[3] OmegaCAM is an exquisitely sensitive detector formed of 32 individual charge coupled devices, and it creates images with 256 million pixels, 16 times greater than the ESA/NASA Hubble Space Telescope (http://www.spacetelescope.org/about/ )'s Advanced Camera for Surveys (ACS. OmegaCAM was designed and built by a consortium including institutes in the Netherlands, Germany and Italy with major contributions from ESO.

More information

This research was presented in the paper "VEGAS: A VST Early-type GAlaxy Survey. III. Mapping the galaxy structure, interactions and intragroup light in the NGC 5018 group" by Marilena Spavone et al., to appear in the Astrophysical Journal.

The team is composed of Marilena Spavone (INAF-Astronomical Observatory of Capodimonte, Naples, Italy), Enrichetta Iodice (INAF-Astronomical Observatory of Capodimonte, Naples, Italy), Massimo Capaccioli (University of Naples, Naples, Italy), Daniela Bettoni (INAF-Astronomical Observatory of Padova, Italy), Roberto Rampazzo (INAF-Astronomical Observatory of Padova, Italy), Noah Brosch (The Wise Observatory and School of Physics and Astronomy Tel Aviv University, Israel), Michele Cantiello (INAF-Astronomical Observatory of Teramo, Italy), Nicola R. Napolitano (INAF-Astronomical Observatory of Capodimonte, Naples, Italy), Luca Limatola (INAF-Astronomical Observatory of Capodimonte, Naples, Italy), Aniello Grado (INAF-Astronomical Observatory of Capodimonte, Naples, Italy), Pietro Schipani (INAF-Astronomical Observatory of Capodimonte, Naples, Italy).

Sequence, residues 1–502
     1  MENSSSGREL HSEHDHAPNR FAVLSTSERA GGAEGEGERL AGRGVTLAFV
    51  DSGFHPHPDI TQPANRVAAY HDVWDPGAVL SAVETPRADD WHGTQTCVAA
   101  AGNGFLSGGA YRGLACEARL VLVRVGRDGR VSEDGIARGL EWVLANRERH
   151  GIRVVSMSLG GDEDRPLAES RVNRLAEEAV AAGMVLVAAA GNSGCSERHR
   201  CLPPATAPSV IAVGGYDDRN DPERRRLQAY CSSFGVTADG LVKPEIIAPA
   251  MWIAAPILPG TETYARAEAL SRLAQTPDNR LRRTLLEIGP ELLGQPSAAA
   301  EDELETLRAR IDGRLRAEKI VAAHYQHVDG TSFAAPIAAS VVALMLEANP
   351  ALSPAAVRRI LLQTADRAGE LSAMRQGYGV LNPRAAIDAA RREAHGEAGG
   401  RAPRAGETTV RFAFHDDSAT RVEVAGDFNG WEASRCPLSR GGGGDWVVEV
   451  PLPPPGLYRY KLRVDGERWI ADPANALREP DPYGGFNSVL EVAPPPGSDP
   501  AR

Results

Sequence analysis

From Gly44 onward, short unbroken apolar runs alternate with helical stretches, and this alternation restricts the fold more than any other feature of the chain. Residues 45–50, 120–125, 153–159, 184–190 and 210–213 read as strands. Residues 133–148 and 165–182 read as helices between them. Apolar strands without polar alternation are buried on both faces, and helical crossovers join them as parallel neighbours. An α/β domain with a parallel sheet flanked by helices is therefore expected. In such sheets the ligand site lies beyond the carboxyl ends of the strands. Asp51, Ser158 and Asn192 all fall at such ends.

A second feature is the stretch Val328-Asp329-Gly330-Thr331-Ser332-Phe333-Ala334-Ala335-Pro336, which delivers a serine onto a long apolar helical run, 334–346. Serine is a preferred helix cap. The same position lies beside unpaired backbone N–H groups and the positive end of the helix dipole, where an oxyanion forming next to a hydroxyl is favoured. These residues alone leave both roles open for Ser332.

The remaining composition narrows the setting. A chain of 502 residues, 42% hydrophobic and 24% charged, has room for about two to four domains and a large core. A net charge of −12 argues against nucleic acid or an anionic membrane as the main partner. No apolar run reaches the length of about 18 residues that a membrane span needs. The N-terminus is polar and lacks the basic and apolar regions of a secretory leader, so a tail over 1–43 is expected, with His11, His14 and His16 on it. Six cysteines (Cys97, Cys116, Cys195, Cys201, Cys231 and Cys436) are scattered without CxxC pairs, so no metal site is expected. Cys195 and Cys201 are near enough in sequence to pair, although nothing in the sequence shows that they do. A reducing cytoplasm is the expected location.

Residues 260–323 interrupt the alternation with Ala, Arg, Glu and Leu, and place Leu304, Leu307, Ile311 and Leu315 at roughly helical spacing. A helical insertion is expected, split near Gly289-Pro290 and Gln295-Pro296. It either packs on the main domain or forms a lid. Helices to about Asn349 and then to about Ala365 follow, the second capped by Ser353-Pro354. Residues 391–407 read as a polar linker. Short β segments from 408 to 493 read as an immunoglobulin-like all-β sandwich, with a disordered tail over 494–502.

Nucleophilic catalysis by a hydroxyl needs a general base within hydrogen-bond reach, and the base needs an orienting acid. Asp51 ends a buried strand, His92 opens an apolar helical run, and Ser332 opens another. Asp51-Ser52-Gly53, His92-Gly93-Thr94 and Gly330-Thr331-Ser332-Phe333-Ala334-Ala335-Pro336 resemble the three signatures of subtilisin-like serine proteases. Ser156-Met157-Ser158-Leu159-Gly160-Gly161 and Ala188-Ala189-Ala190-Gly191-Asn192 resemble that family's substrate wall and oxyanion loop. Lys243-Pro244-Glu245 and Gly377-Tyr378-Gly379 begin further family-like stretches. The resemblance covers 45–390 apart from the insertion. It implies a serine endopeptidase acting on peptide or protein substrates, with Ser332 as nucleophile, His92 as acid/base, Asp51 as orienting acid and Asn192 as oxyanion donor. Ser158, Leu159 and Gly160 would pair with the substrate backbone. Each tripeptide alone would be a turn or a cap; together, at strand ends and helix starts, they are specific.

ESO is the foremost intergovernmental astronomy organisation in Europe and the world's most productive ground-based astronomical observatory by far. It has 15 Member States: Austria, Belgium, the Czech Republic, Denmark, France, Finland, Germany, Italy, the Netherlands, Poland, Portugal, Spain, Sweden, Switzerland and the United Kingdom, along with the host state of Chile and with Australia as a strategic partner. ESO carries out an ambitious programme focused on the design, construction and operation of powerful ground-based observing facilities enabling astronomers to make important scientific discoveries. ESO also plays a leading role in promoting and organising cooperation in astronomical research. ESO operates three unique world-class observing sites in Chile: La Silla, Paranal and Chajnantor. At Paranal, ESO operates the Very Large Telescope and its world-leading Very Large Telescope Interferometer as well as two survey telescopes, VISTA working in the infrared and the visible-light VLT Survey Telescope. ESO is also a major partner in two facilities on Chajnantor, APEX and ALMA, the largest astronomical project in existence. And on Cerro Armazones, close to Paranal, ESO is building the 39-metre Extremely Large Telescope, the ELT, which will become "the world's biggest eye on the sky".

Links

* Research paper - http://www.eso.org/public/archives/releases/sciencepapers/eso1827/eso1827a.pdf

* Photos of ESO's Survey Telescopes - http://www.eso.org/public/images/archive/category/surveytelescopes/

Contacts

Marilena Spavone
INAF - Osservatorio Astronomico di Capodimonte
Napoli, Italy
Tel: +39 081 5575602
Email: marilena.spavone@oacn.inaf.it

Mariya Lyubenova
ESO Outreach Astronomer
Garching bei München, Germany
Tel: +49 89 3200 6188
Email: mlyubeno@eso.org

Calum Turner
ESO Public Information Officer
Garching bei München, Germany
Tel: +49 89 3200 6670
Email: pio@eso.org

ESO

Related Solar System Articles:

From rocks in Colorado, evidence of a 'chaotic solar system'